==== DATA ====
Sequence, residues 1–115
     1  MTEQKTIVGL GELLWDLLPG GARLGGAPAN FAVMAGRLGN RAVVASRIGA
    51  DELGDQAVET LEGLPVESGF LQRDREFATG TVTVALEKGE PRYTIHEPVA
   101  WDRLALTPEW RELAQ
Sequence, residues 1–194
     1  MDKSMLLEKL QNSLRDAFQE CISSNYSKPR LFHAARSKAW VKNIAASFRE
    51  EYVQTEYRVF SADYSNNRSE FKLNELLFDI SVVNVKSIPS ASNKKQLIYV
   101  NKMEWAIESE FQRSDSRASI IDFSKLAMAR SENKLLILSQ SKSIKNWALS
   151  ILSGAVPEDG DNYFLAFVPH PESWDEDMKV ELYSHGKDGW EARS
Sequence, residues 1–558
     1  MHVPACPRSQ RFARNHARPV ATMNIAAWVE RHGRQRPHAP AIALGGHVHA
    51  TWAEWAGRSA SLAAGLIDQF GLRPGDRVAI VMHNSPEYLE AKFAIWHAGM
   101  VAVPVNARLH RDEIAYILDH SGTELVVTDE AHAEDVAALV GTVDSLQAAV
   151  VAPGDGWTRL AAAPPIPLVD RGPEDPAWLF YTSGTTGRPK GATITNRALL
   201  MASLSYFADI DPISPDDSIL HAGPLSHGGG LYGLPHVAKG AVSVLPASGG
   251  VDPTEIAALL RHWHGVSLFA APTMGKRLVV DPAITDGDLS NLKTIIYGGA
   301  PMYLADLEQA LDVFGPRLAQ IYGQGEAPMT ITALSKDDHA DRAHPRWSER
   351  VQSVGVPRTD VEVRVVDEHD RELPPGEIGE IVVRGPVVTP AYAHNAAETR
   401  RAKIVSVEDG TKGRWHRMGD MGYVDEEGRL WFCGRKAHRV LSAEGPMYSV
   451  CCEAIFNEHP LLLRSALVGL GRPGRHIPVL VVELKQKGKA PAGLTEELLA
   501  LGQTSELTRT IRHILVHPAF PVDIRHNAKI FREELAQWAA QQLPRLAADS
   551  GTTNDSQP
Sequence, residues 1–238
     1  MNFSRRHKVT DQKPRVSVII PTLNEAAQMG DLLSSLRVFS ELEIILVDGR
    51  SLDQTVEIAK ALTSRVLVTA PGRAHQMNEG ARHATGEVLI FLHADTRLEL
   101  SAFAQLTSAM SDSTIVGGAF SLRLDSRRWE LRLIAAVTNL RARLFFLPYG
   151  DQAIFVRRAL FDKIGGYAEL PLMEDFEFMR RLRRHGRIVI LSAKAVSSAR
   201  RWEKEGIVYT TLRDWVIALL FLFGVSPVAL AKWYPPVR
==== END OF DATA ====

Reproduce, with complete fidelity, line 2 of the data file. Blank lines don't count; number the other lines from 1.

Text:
     1  MTEQKTIVGL GELLWDLLPG GARLGGAPAN FAVMAGRLGN RAVVASRIGA